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-   -   Fusistor Replacement - RCA 14PD8054 (http://www.videokarma.org/showthread.php?t=251113)

mbear2k 05-15-2011 04:38 PM

Fusistor Replacement - RCA 14PD8054
 
A set I am working on calls for a 5.6 ohm, 5 watt Fusistor. Can I simply replace with a 5.6 ohm 5 watt resistor with a fuse in series? When I calculate out the fuse value, it sounds very small.

The set is an RCA 14PD8054 with a hot chassis. This fusistor is the first thing off the AC line as feed/protection for the B+ supply. Should I assume 120 volts (line voltage) x .041 amps (potential fuse) = 5 watts (resistor rating) for my fuse calculation? Then select a small slo-blo fuse as close to .041 amp as I can find?

Thanks

wa2ise 05-15-2011 07:02 PM

Quote:

Originally Posted by mbear2k (Post 3003301)
A set I am working on calls for a 5.6 ohm, 5 watt Fusistor. Can I simply replace with a 5.6 ohm 5 watt resistor with a fuse in series? When I calculate out the fuse value, it sounds very small.

That will work, but the fuse should be around 1.5amps or so. That's what I see in various B&W tube sets using a resistor and fuse. 0.041A is way too small.

Gunslinger 05-16-2011 03:16 PM

DO you have an RCA part number?

mbear2k 05-16-2011 03:55 PM

As a matter of fact: 100117

VintagePC 05-16-2011 05:26 PM

Quote:

Originally Posted by wa2ise (Post 3003309)
That will work, but the fuse should be around 1.5amps or so. That's what I see in various B&W tube sets using a resistor and fuse. 0.041A is way too small.

I'd second this. The primary function of a fusistor is as a fuse. The secondary function (especially in tube sets) is to limit inrush current with the resistance it offers, providing a "soft-start".

The wattage for the resistor will be different (as you've discovered) because the heat dissipation of the resistor is much more efficient than that of a thin wire as in a regular fuse - so it can have a higher current without damage than its wattage implies.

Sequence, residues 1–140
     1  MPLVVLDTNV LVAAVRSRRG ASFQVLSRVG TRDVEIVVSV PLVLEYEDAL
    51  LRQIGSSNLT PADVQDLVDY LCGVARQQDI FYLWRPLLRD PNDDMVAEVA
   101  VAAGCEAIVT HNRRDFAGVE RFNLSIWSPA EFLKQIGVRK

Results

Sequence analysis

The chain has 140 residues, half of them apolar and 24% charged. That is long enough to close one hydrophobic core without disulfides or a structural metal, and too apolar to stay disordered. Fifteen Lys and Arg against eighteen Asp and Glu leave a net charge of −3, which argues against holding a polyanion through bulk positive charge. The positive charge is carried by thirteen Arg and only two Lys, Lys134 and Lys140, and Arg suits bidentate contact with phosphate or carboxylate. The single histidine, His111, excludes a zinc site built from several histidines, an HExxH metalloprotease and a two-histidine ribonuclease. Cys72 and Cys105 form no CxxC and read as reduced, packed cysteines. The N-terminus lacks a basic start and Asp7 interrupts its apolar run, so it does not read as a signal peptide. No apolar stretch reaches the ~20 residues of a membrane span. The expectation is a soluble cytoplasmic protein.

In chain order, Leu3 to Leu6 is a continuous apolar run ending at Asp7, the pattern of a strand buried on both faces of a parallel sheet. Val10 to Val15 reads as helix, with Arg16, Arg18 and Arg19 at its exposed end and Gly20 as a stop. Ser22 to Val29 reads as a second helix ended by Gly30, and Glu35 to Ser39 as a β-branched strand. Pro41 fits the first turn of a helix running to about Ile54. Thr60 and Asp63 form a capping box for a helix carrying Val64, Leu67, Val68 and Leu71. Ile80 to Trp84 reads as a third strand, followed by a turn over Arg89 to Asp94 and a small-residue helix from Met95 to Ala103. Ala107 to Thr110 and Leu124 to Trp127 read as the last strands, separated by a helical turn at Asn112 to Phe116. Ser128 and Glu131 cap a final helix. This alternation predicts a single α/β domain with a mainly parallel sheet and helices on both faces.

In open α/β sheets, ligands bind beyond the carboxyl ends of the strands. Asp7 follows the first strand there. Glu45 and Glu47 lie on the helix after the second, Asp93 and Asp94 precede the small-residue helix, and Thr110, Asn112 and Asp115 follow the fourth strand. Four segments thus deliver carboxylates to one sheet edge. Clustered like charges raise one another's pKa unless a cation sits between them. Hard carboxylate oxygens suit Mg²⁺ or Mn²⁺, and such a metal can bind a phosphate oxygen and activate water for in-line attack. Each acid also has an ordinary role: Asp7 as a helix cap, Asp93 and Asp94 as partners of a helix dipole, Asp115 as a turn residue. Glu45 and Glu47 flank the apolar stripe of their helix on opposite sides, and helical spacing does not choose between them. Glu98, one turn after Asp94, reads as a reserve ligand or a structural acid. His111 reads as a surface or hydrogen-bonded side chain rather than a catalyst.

If you can't get a replacement, you can do as you suggested, but for current rating, you should go 1.5-2x the current rating on the back panel of the set (if present). If you can get an actual current measurement, even better.

The reason you don't want an exact match is thermal stress- Inrush current (somewhat limited by the resistor) will be higher than normal draw, and even if it does not exceed the fuse rating, it causes the metal wire inside the fuse to flex from thermal expansion as it heats up- leading to premature failure and "blown" fuses when there's nothing wrong.

mbear2k 05-16-2011 07:06 PM

Sounds good - thanks for the info. The rating for the set is 1.1 amp, 125 watts at 117 volts. But I will do the electrolytics, then do a current test and see where I am with modern AC voltage. I'm guessing either a 2 to 2.5 amp fuse?

DaveWM 05-16-2011 07:57 PM

I have a predicta that has on of those, next time I pull it I may end up making my own out of a thermistor/fuse/resistor. The resistor will be sized to drop the B+ to what ever it should be after the thermistor warms up. The fuse will be a fast blow since the theremistor will reduce the inrush, that way the fuse can be set to just above the max B+ current for max protection.

VintagePC 05-16-2011 08:23 PM

Quote:

Originally Posted by mbear2k (Post 3003363)
Sounds good - thanks for the info. The rating for the set is 1.1 amp, 125 watts at 117 volts. But I will do the electrolytics, then do a current test and see where I am with modern AC voltage. I'm guessing either a 2 to 2.5 amp fuse?

That sounds like it should be good - If you can get a peak current reading at turn-on, you can use that to better determine the safety margin you need - If it's too much larger you might want to up the wattage and resistance of the resistor a little bit - It's generally agreed that the the softer this old gear warms up, the better; many people have made modifications so that their tube filaments don't get a power-on current spike, like DaveWM is suggesting.

You'd probably want to be a bit more careful with a SS rectifier, but with a tube, the HV won't appear until it's good and warm along with the others, so a slightly slower start has no ill effects.

I probably wouldn't worry too much about which of those to get - short conditions usually cause current draw in excess of that 0.5A difference, so you'd be protected either way... but if you already have them on hand, then I'd go with the 2 and replace it with a 2.5 if it blows under normal operation.

Findm-Keepm 05-16-2011 08:28 PM

Look anything like this? http://www.talonix.com/images/WMF5.6.jpg
or is is rectangular/box shaped, like Belimiter Fuse Resistors?

The Belimiters were all merged into two RCA part numbers - one 5.6 ohm, and the other 7.5 ohm. Your RCA part number is one that was merged. I don't have my RCA guide here with the part numbers, but can get them if you need them.

Only replace a fuse resistor with another fuse resistor, or similarly sized (ohms/Current Rating) inrush limiter.

Cheers,

mbear2k 05-17-2011 06:51 AM

Brian - it does look like the one in the picture, except maybe a little bigger and is/was white.

If you have a source for replacement, please let me know. I would prefer to go that route.

Thanks!
Mark

Findm-Keepm 05-17-2011 11:46 AM

A Google search (actually a Google Image Search) for "5.6 Ohm Vintage Fuse Resistor" turned up the image - and a couple of sources.

Moyers in Pennsylvania might also have it in the original RCA...

Cheers,


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